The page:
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The Hawker's Poor Man's Concordance And Dictionary


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In Scripture, such frequent mention is made of the hearing ear, and the uncircumcised in heart and ears, that it ought to be noticed in a work of this kind. In Scripture language, to uncover the ear, (1 Samuel 20:2; 1Sa 20:13) as it is rendered in the margin of the Bibles, is to reveal somewhat particularly to a certain person, or persons, which, in general, to others, is not made known. And hence the Lord Jesus himself saith by the spirit of prophecy, (Psalms 11:6) Mine ears hast thou opened. So again, Isaiah 1:5 "The Lord God hath opened mine ear, and I was not rebellious," In the Jewish church, it was the custom, and among the appointments of the Lord himself, when a servant, after six years' service, being freed by the law, so loved his master, that he would not leave him, he was to have his ear bored with an awl unto the door post, as a token of a free and voluntary service; and then to serve for ever. (Exodus 21:2; Exo 21:5) And in allusion to this, (for this was a beautiful type of the Lord Jesus Christ), the Lord Jesus saith, Mine ears hast thou opened, or as the margin of the Bible hath, it, mine ears hast thou digged. (See Psalms 40:6) The apostle Paul commenting upon this passage, in quoting it, gives a free and full translation, and renders it, A body hast thou given me, or prepared me. (Hebrews 10:5) And certain it is, that the lesser, of boring the ear, implies the greater, of preparing the whole body. But how delightful is it to make interpretation, of what the Jewish servant said respecting the house of his servitude, in allusion to the Lord Jesus in the house of his! who, as the servant of JEHOVAH (for such he fully became, when he became our Surety), might be said thus to express himself, I love my master, I love my wife, my children; I will not go out free. Surely, it is blessed to eye Christ as our Surety, constantly represented by types in the Old Testament Scripture. As the uncovering the ear is a Scripture expression, to denote divine teaching, and the opening the heart and understanding, so the word of God abounds with figures and similitudes to represent the reverse. They are said to be uncircumcised in heart and ears, to whom the word of the Lord is unprofitable. Their ears are said to be heavy; to be waxed gross, and dull in hearing, and the like. (Isaiah 6:10) Hence! no less than seven times in the Scripture; (as, if to denote the awfulness of such a state) the dreadful condition of the ungodly is described under those characters. (See Isaiah 6:9-10; Matthew 13:14-15; Mark 4:12; Luke 8:10; John 12:40; Acts 28:26-27; Romans 11:8)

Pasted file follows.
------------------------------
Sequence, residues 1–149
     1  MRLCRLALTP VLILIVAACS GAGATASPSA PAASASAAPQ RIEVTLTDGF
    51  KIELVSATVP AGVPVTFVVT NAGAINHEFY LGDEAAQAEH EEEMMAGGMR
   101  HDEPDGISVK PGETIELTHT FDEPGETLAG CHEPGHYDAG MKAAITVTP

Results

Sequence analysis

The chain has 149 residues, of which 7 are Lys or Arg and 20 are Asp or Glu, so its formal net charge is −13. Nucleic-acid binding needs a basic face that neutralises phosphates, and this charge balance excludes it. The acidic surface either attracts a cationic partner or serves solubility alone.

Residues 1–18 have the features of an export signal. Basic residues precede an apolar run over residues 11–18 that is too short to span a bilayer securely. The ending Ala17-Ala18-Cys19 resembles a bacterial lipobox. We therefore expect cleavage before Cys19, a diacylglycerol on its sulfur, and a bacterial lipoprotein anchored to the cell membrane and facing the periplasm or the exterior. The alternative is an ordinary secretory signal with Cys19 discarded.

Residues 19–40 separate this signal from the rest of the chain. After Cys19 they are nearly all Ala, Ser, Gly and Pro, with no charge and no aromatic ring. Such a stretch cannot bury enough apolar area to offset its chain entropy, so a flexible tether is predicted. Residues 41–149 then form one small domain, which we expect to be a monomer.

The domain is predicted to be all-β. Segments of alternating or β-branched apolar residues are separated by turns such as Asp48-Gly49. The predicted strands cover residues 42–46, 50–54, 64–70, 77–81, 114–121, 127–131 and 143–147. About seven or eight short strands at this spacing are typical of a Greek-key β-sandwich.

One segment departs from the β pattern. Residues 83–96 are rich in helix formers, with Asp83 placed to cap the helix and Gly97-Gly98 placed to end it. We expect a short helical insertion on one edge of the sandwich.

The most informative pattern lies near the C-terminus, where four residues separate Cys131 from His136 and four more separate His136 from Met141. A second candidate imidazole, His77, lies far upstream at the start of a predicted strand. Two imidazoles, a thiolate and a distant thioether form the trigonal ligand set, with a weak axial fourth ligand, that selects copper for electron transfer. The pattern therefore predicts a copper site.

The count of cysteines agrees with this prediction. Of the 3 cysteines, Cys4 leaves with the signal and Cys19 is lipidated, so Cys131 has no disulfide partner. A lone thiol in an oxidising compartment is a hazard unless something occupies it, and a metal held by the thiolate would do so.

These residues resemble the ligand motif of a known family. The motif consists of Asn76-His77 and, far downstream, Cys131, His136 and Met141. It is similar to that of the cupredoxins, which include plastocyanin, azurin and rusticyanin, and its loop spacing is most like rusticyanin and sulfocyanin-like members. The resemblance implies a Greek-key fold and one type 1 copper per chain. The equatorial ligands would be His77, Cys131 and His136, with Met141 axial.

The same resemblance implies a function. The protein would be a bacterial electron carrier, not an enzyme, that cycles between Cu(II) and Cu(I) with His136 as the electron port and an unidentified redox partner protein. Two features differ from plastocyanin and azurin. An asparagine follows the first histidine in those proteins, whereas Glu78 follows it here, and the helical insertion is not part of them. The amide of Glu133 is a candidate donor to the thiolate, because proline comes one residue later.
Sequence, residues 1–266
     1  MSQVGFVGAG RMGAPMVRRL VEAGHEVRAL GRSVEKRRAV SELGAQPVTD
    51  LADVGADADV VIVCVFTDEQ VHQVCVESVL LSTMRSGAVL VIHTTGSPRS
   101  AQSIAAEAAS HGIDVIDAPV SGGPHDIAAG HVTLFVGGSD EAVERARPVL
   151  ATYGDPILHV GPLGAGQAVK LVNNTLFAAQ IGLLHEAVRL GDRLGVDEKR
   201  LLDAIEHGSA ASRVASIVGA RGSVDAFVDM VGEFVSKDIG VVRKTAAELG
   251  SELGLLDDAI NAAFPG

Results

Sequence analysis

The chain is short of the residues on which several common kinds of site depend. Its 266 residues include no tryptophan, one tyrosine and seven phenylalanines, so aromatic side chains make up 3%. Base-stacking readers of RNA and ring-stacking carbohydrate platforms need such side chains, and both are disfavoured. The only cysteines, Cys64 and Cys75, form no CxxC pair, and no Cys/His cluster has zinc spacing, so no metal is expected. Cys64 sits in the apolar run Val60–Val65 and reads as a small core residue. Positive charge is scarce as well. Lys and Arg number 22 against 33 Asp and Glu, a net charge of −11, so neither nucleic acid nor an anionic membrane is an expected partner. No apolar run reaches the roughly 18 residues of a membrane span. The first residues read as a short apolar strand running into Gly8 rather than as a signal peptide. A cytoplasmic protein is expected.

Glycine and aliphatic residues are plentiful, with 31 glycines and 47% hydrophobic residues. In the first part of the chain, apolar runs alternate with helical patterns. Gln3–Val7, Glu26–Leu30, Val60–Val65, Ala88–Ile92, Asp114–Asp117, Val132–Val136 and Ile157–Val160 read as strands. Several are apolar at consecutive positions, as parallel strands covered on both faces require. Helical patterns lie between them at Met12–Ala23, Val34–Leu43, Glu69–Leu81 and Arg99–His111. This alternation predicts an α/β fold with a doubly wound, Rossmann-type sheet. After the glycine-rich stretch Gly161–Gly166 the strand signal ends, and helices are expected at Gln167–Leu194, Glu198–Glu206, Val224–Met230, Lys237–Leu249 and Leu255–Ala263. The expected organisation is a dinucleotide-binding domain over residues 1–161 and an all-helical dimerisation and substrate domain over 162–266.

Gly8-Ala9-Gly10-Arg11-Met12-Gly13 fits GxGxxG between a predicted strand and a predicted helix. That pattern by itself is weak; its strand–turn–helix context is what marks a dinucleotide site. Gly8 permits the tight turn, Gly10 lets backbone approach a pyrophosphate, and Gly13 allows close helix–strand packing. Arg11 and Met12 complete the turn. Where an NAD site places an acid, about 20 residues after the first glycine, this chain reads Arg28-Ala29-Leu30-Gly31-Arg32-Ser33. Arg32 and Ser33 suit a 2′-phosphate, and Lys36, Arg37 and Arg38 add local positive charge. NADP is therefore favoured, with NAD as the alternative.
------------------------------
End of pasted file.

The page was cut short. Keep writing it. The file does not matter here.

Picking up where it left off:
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These files are public domain.
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Bibliography Information
Hawker, Robert D.D. Entry for 'Ear'. Hawker's Poor Man's Concordance and Dictionary. London. 1828.

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